“There are still an awful lot of apps to be analyzing on a daily basis, so determining with any degree of assurance that no malicious code out there is going to be difficult,” Camp said.

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Apple Users Beware: Phishing Sites Are After Account Credentials

It’s not a surprising finding and one that experts have been predicting, but data being collected by antivirus vendors is revealing a rising number of threats targeting Apple (NSDQ:AAPL) users. While malware growth is relatively flat, phishing sites designed to trick users into giving up their account credentials is on the rise.

Threat detection data collected by Kaspersky Lab shows a significant increase in phishing sites attempting to trick users into giving up their Apple account credentials, according to Nadezhda Demidova, who recently provided analysis of the Apple phishing threat data. Apple iCloud and iTunes accounts can be lucrative to cybercriminals, Demidova said.

In addition to information stored in the Apple account, “many malicious users go further and try to the steal bank card details used to pay for those purchases,” Demidova wrote.

Phishing attacks targeting Apple users increased from 1,000 detections per day on average in 2011 to about 200,000 detections per day today, according to the Kaspersky Lab data. Many of the sites attempt to mirror the official Apple store or an official-looking Apple credential reset page. A user who doesn’t pay attention to the location of the Web page can easily be tricked into giving up information.

Fake phishing sites rose and declined throughout the year, but some significant surges can be traced to Apple events. Demidova noted that some of the surges in phishing can be attributed to iTunes store unveilings in Russia and more than 50 other countries in 2012.

The Mac malware threat, meanwhile, remains low. Only 2.5 percent of threats encountered by Mac users were written specifically for Macs, according to statistics from Symantec (NSDQ:SYMC). The latest Threat Report from McAfee supports Symantec’s findings and noted that malware growth was flat throughout much of 2012, with no growth in the first quarter of 2013.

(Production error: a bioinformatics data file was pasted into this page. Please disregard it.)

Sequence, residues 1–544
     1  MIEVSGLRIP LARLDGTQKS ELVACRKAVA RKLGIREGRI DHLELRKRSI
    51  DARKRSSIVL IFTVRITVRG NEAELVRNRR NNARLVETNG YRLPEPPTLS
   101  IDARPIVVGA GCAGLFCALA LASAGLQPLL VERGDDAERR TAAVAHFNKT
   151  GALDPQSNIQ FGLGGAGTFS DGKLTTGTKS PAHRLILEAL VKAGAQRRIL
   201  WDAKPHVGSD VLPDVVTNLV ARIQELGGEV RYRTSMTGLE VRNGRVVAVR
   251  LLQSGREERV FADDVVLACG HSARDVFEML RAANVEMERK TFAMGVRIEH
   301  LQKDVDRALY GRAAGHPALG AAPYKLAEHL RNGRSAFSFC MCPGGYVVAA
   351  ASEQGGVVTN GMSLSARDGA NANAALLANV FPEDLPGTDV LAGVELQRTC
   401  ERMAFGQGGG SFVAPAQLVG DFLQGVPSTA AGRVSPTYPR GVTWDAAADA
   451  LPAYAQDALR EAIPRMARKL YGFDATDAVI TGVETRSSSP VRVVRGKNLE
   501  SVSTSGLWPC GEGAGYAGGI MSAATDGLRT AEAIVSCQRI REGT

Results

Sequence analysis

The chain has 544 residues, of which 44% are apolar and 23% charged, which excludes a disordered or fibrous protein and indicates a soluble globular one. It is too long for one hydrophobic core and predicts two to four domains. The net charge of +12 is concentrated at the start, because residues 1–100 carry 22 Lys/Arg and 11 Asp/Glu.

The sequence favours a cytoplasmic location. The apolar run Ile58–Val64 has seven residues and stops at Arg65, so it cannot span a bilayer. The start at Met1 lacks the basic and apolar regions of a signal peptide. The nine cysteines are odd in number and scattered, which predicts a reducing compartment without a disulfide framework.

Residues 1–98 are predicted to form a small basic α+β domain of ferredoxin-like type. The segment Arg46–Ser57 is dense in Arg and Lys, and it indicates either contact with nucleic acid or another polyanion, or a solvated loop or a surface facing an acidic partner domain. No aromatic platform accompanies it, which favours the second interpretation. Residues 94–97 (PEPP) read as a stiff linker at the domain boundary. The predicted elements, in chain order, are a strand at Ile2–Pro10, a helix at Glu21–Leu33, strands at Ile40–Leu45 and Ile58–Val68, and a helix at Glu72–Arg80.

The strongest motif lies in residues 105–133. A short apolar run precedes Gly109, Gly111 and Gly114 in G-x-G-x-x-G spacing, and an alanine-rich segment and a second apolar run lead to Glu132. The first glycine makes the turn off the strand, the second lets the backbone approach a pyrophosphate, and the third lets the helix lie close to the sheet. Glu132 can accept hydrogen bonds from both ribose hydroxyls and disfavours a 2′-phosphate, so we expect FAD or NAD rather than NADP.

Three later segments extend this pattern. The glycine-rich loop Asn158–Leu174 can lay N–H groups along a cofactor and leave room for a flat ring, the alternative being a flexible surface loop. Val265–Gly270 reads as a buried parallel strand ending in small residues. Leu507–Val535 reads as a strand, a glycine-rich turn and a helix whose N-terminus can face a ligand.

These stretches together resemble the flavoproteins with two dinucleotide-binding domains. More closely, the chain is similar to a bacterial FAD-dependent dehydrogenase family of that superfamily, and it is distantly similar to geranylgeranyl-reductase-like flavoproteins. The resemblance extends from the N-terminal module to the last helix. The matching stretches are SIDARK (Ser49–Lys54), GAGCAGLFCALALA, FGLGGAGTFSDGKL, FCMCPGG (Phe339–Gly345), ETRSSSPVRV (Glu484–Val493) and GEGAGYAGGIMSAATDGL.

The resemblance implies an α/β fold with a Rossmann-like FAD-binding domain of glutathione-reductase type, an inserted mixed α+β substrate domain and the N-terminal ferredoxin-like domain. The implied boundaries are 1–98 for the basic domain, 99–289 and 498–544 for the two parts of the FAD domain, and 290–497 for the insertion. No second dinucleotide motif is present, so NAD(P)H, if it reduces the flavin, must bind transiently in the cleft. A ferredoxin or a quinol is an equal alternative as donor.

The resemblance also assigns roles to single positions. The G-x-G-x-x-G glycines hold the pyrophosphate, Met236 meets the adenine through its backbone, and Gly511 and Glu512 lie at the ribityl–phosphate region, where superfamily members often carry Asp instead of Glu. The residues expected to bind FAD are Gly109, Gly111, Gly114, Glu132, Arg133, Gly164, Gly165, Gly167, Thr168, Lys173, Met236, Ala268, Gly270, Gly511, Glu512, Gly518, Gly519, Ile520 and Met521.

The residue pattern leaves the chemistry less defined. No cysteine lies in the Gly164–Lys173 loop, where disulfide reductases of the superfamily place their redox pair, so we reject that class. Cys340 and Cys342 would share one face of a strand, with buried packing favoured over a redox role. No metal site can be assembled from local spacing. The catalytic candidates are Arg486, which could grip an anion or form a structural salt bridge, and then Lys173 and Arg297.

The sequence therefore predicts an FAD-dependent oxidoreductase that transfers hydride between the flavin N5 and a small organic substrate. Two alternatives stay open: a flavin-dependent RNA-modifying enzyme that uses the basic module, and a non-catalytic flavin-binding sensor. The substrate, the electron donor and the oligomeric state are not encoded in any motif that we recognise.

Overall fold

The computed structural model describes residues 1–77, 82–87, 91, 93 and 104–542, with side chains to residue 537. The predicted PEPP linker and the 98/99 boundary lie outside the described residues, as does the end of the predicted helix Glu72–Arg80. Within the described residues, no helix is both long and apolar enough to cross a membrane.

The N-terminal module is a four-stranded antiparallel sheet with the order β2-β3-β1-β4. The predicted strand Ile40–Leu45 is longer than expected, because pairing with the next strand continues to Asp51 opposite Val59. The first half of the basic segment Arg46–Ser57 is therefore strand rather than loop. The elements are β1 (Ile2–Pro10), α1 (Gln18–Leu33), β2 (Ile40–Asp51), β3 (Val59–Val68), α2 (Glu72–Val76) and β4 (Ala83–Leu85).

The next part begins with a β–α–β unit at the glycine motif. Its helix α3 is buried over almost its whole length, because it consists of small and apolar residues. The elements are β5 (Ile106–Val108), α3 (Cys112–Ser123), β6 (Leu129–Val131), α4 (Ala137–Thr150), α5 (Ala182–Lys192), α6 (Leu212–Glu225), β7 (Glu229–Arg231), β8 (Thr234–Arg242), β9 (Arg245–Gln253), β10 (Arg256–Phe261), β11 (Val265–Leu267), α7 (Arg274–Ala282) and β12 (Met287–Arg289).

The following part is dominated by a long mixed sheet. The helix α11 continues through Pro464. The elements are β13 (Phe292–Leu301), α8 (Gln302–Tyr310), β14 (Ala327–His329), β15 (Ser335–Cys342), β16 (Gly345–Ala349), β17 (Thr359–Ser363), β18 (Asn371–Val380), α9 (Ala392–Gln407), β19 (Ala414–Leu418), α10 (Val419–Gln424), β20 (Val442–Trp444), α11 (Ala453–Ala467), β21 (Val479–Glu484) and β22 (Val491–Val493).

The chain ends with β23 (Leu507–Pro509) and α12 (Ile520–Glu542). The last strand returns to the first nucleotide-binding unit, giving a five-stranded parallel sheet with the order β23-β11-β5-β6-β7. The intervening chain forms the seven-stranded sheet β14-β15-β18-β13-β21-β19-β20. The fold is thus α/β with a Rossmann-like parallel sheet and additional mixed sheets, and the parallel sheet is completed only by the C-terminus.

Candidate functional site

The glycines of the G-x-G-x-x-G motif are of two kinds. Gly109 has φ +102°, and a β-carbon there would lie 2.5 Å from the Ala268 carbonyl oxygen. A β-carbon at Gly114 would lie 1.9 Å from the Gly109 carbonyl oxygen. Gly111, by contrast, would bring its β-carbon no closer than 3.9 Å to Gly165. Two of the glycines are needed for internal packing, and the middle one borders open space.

Much of the Apple malware being detected stems from attack toolkits that continue to use the Flashback Trojan, which was behind an advertising click fraud campaign that targeted a Java error to infect Macs. Statistics vary but most experts say that Flashback infected about 600,000 Macs. Flashback may have served as a wake-up call to Apple users that they are not immune to malware attacks despite the lower risk of infection.

Graham Cluley, a U.K.-based security expert, said Mac threats are lower in number but include many of the standard problems encountered by PC users. Fake antivirus software has been configured to target both Mac and PC users and malicious software also targets browser components regardless of the platform the user is running, Cluley told CRN.

“I think you would be very foolish to not run an antivirus on your Mac,” Cluley said. “Mac malware in the last couple of years has moved from being experimental to having clearly been built with financial and spying motivations.”